Many people wonder what they could have done to stop someone from taking his life, which is why we all need to pay attention to the signals people in our lives may be sending us.

How Can You Prevent Suicide?

1. Identify. “Suicide can be prevented but it has to be identified first,” Aguillard instructs. Identifying factors to look for are behaviors, language, feelings, and personal history. “I do the work in suicide prevention because it can be prevented many times if we know what we are looking at and know what to do with what we are seeing,” says LeBlanc. She shares that identifying can be done by changing the way we think about the signs. “I teach people in suicide prevention trainings that people give us invitations. They invite us to help with their distress.” Instead of seeing the signs as symptoms of an illness, think of it as an invitation for you to accept in helping them. 

2. Talk About It. “One of the main reasons I didn’t speak about it was because I thought people would think it was for attention or I was being a victim,” Benoit confesses. Dicharry confirms the stigma attached to discussing depression or suicide, “Before people feel comfortable talking, people have to be willing to listen.”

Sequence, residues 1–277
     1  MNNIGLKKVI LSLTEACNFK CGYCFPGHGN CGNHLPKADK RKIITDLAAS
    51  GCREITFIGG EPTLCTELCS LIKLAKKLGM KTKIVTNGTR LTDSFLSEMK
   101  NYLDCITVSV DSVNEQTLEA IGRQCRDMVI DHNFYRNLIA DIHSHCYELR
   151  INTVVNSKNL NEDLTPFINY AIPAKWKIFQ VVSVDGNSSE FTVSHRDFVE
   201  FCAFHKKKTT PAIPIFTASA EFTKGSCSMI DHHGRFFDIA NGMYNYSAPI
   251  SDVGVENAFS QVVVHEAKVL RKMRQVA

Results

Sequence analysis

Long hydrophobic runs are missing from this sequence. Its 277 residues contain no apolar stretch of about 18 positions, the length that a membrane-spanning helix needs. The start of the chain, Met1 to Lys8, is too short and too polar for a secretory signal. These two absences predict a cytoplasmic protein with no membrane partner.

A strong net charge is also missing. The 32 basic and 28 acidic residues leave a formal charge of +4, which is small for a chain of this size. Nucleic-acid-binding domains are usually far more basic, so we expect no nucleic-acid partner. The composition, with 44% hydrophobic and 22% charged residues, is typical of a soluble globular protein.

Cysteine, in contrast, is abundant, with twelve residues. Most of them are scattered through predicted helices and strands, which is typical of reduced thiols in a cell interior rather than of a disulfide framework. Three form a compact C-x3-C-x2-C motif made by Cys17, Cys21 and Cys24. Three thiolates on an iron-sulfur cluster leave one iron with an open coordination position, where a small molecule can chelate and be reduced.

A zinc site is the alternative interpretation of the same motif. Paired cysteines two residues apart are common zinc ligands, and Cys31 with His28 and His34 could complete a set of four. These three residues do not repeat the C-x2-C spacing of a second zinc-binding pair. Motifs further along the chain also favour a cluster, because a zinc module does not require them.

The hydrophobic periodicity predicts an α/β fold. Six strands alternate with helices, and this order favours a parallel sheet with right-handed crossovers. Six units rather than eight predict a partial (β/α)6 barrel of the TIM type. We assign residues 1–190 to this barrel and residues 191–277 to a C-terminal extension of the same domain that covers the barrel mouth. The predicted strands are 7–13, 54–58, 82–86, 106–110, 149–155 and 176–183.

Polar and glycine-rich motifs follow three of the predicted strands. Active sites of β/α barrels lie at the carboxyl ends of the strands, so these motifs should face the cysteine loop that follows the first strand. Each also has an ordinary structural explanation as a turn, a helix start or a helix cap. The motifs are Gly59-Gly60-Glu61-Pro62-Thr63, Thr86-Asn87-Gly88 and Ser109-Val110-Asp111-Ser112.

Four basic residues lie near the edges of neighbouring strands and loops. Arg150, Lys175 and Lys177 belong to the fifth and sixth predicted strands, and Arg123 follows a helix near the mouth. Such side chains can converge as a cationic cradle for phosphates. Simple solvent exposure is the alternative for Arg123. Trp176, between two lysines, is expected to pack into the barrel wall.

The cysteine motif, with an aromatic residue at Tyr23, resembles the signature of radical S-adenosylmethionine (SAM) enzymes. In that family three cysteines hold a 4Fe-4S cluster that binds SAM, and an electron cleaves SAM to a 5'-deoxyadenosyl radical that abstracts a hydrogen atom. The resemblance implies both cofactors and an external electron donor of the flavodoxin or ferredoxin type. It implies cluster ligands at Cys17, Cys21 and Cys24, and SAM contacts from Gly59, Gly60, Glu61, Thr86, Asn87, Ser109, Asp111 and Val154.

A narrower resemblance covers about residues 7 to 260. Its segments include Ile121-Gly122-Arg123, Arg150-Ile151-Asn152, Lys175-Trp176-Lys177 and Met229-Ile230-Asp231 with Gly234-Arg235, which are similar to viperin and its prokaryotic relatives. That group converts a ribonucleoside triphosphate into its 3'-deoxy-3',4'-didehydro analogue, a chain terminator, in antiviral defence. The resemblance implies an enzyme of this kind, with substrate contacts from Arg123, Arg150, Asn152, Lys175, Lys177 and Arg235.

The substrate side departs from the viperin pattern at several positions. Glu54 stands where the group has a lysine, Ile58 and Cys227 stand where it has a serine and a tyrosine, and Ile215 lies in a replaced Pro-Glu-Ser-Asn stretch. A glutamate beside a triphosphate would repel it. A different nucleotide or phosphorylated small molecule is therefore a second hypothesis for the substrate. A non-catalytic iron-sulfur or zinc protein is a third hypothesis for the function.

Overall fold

One of the largest myths about suicide is that asking a person if they are thinking of killing themselves will give them the idea. Aguillard, Dicharry, and LeBlanc disagree. LeBlanc shares that when she has asked that important question, “Almost always what I get is a sigh and gladness that someone noticed.” Instead of giving them the idea, you are opening the door for them to talk about it, says Dicharry.

“I find when you connect the behavior you’re noticing with suicide, it’s an easier way to ask about it,” LeBlanc adds. After acknowledging what you’ve seen, then ask, “Are you thinking of killing yourself” or “Are you planning to take your life?” Ask directly instead of asking about harming themselves. LeBlanc clarifies, “They are thinking suicide will fix the pain. You have to ask a direct question to get a direct answer. Harming yourself can mean something different.”